In reality, Sadako reached her goal of 1,000 cranes and beyond, and still died. Children understand unfairness, they can handle a real telling of this story.

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review 2016-07-23 00:00
The Dungeon Master: The Disappearance of James Dallas Egbert III
The Dungeon Master: The Disappearance of James Dallas Egbert III - William C. Dear

James Dallas Egbert, a college student at 16, vanished from his campus, seemingly without a trace, and sparked the interest of the nation. Egbert was a genius with computers, but he was fascinated by a certain role-playing game. Dungeons and Dragons was a craze on campus and many students had taken to playing in the utility tunnels that connected all the buildings. This was dangerous activity as most of the tunnels were not lit, had wildly fluctuating temperatures and were unpredictable. The media latched on to the more fantastic elements of the tunnels left behind by players: a paper mache head, cryptic drawings, beer cans.

The media circus focused so much on the game and its terminology that it was inevitable that William Dear would latch onto that for the title of his tell-all book, especially as Rona Jaffe had achieved success with her exploitative 'Mazes and Monsters' and the Tom Hanks' classic made-for-tv film of the same name. Dears book is easily more exploitative, cashing in on a family's grief, Egbert's own story and peddling to the lowest denominator with fears of sorcery and homosexual sex rings. Everything's bigger in Texas.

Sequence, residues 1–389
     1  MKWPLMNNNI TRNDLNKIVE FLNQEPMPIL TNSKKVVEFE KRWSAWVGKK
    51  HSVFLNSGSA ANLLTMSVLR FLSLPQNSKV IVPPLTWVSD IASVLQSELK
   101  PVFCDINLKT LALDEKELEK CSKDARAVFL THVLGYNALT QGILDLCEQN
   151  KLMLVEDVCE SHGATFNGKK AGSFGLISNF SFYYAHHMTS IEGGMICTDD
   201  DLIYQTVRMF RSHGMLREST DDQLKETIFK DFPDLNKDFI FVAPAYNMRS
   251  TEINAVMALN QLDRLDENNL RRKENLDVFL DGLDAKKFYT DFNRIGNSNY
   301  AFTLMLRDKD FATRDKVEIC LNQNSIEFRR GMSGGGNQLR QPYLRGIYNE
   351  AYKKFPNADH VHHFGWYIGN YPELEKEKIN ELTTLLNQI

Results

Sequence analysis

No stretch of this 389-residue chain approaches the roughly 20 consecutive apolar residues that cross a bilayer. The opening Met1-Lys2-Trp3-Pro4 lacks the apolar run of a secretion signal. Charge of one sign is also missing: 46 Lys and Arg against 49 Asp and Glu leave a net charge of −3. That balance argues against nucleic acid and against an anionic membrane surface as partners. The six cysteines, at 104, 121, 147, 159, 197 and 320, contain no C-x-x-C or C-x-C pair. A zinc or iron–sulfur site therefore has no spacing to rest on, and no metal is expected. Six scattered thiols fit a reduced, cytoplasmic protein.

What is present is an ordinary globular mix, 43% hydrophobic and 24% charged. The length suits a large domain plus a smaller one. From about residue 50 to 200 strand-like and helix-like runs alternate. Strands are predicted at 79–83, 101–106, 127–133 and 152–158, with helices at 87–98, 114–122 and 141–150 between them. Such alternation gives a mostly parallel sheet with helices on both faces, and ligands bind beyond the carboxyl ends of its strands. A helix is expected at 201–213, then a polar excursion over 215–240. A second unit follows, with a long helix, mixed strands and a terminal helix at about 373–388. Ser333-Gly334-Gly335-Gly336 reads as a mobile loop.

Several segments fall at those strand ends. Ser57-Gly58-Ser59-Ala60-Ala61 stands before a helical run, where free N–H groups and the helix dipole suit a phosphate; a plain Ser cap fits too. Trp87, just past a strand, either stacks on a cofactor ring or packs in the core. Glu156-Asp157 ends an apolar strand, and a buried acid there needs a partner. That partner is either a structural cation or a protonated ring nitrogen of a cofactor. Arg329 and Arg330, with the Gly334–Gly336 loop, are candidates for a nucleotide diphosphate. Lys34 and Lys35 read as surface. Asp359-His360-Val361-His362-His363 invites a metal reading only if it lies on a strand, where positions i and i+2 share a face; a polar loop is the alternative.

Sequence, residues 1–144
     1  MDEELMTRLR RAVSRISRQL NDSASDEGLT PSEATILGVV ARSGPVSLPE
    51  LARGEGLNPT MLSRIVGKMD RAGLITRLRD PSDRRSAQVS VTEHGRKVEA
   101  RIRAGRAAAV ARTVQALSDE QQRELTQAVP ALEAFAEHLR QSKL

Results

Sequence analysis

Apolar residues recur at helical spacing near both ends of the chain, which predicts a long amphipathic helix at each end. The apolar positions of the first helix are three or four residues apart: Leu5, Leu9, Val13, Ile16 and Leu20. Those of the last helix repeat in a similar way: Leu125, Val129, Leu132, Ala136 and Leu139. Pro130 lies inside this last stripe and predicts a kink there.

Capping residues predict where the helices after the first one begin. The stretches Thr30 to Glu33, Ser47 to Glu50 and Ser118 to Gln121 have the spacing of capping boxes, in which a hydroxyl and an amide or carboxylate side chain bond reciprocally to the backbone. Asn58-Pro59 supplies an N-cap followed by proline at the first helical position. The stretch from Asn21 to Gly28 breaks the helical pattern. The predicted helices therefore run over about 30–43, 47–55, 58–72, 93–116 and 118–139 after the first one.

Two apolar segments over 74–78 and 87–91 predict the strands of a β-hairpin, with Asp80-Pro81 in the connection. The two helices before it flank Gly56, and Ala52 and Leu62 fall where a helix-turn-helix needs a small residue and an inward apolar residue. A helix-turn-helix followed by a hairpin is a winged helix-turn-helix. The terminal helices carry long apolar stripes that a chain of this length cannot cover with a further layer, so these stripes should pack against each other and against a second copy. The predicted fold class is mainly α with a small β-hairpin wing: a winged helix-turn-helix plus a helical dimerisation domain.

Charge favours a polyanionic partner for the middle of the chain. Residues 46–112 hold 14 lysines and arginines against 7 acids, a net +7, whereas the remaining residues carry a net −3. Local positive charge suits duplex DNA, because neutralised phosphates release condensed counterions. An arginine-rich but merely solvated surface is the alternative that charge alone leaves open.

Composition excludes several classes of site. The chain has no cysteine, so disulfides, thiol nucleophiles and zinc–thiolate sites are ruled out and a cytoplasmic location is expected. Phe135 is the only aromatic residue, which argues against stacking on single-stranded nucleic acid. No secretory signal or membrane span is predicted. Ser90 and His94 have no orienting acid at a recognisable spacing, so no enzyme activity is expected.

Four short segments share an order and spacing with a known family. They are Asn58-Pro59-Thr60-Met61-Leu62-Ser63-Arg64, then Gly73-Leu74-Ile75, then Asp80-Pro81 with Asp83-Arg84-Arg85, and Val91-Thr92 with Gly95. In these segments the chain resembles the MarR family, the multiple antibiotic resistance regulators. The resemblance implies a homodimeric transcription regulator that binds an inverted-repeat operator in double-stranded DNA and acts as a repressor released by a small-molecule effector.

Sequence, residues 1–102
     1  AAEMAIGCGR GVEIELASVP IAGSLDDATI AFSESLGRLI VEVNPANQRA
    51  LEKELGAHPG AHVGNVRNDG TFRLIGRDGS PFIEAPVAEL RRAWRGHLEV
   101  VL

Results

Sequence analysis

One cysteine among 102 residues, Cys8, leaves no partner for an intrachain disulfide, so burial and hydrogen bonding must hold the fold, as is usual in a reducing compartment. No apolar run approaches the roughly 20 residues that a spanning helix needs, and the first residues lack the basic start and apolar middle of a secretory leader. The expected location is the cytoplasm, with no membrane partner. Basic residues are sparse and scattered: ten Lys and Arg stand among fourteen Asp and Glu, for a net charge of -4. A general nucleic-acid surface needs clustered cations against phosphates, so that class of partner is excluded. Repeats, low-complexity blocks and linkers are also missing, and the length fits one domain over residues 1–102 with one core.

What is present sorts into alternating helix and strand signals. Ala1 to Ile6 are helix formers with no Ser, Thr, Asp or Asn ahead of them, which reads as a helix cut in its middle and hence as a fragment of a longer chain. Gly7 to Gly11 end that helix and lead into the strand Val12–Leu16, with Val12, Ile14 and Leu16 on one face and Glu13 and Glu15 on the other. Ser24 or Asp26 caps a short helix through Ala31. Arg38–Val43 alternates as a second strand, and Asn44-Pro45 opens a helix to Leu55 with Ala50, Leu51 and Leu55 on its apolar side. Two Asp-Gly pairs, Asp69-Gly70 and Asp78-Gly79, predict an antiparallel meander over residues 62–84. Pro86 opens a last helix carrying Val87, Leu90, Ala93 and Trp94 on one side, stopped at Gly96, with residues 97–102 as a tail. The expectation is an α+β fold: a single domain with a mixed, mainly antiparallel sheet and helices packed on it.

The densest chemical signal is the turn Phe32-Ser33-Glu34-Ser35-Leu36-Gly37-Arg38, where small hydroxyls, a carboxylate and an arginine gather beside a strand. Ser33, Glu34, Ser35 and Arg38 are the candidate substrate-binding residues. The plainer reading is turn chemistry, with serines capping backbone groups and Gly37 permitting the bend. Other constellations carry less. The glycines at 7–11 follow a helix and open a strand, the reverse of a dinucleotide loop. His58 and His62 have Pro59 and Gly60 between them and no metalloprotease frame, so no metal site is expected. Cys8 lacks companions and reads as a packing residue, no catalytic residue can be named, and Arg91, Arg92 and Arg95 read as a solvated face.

Dear was the detective hired by Egbert's family to find him, but the reader doesn't even have to crack open the book to figure out what kind of person Dear is. They don't have to scan the lengthy bragging about his client list, his helicopters, or his tacky ranch compound. The author photograph on the back features this human turd posing with an assault rifle in the cab of something expensive. Compensating much?

Not only is this man a successful detective, solving every one of his disappearance cases, but he has some cool man friends to pal around with. Let's get this straight: Egbert runs away from his manipulative parents, the pressure of school, the lack of acceptance and companionship, is kept prisoner and abused, finally solving his own case by phoning the detective himself.. Dear manages to get himself some help from the nerds and the gays, but having browbeat the shit out of those communities, is baffled by the lack of information he receives. He speculates that they're afraid. Huh. In weeks of searching and billing Egbert's parents, making sure to note how fat the mom is, Dear manages to play one game of D&D and barely cling to his sanity.

I'm not sure how impressed readers were supposed to be. The book was only published because circumstances allowed him to break a promise never to reveal what truly happened. How conveniently profitable.